Disaster Preparedness 101

Disaster Preparedness 101

About the Author

Tom Wahl teaches business writing at the University of Colorado in Colorado Springs, Colo., and is a freelance writer. He is married to a retired Air Force certified nurse-midwife. Her career has allowed them to live, travel, and raise their kids overseas (even sending them to host-country, local public schools). In addition, they spent 18 months after her retirement traveling the country full time in an RV while blogging about their experiences for MOAA. Wahl frequently writes about navigating the college admission and application process sharing the experience and research gained from sending a son to Boston University on an Air Force ROTC scholarship and a daughter preparing to attend MIT and being awarded both Air Force ROTC and Navy ROTC scholarships. Next up for college is their son, who is a freshman in high school.

We like to assume MilKids are ready for anything. All of those household moves have made them pretty resilient, after all. However, having an emergency supply kit on hand will ensure they’re prepared for any scenario, whether it’s a routine power failure or unprecedented hurricane.   

Texas A&M has developed a good list of essentials to include in a kit:A three-day supply of water (one gallon per person per day);

  • water purification tablets;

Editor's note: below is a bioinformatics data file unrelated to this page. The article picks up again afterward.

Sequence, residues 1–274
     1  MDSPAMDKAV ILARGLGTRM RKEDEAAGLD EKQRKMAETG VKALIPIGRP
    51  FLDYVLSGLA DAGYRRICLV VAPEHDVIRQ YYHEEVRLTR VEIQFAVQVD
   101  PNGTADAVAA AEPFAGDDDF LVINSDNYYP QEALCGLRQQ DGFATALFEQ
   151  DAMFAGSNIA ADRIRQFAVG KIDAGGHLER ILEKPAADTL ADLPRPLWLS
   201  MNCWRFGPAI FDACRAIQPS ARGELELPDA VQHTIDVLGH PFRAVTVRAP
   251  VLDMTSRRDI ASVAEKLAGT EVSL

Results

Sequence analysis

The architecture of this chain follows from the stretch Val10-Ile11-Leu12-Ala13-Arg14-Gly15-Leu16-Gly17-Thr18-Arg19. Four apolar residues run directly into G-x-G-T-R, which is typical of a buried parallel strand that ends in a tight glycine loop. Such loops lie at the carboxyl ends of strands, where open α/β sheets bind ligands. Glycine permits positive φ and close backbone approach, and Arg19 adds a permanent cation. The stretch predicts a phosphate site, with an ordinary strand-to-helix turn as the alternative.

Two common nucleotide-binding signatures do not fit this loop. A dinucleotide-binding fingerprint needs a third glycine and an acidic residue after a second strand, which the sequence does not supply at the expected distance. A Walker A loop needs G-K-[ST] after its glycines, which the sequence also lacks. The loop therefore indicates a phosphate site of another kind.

• a first aid kit with ibuprofen, aspirin, adhesive bandages, antibiotic/burn ointment, sterile gauze pads, etcetera.;
  • a first aid handbook;
  • prescription medications;
  • extra clothing;
  • food (choose nutritious items with a long shelf life that can be eaten without preparation. MREs, anyone?);
  • extra blankets or pillows;
  • a flashlight with extra batteries;
  • portable cellphone charger;
  • extra pair of contacts or eyeglasses;
  • a fire extinguisher;
  • a phone number of an out-of-state contact;
  • an extra set of car keys;
  • cash and change;
  • waterproof matches and candles; and
  • some form of personal identification (including copies of military IDs and passports)


Visit Texas A&M’s Disaster Preparedness Information site for additional items related to safety, comfort, sanitation, and cooking.  

Army MilSpouse Kerri Beckert of Anchor Collegiate recommends storing all of your kid’s documents and prescriptions in a watertight bag. “I place them all in a quick grab duffel bag and place it under their bed,” she says. “If they ever have to evacuate, they could grab it and go. I didn’t spend a lot of money on the contents; most of the change of clothes and gear were from discount stores or old clothes or sneakers that they had replaced or didn’t wear. I did buy a quality duffel that was rain resistant and could be carried as a backpack as well. It may never be used, but it [gave me] peace of mind.”  

Talking to your MilKid about having a go bag can be daunting, and you don’t want to come across as a paranoid doomsday prepper. As you discuss the need for the kit, don’t be alarmist. Explain they will probably never even need the bag — it’s just there for peace of mind, hidden away under the bed. Instead of focusing on recent disasters like Hurricanes Maria and Irma or the devastating fires in California, discuss lesser events like power outages.  

To help your student feel comfortable about having an emergency kit, discuss it with them as you put a kit together for your home. It’s a good idea for you to have one in your house as well, and it illustrates that a go bag is something everyone should have.  

I hope the list of things to include in a go bag is helpful. Is there anything else you’d add?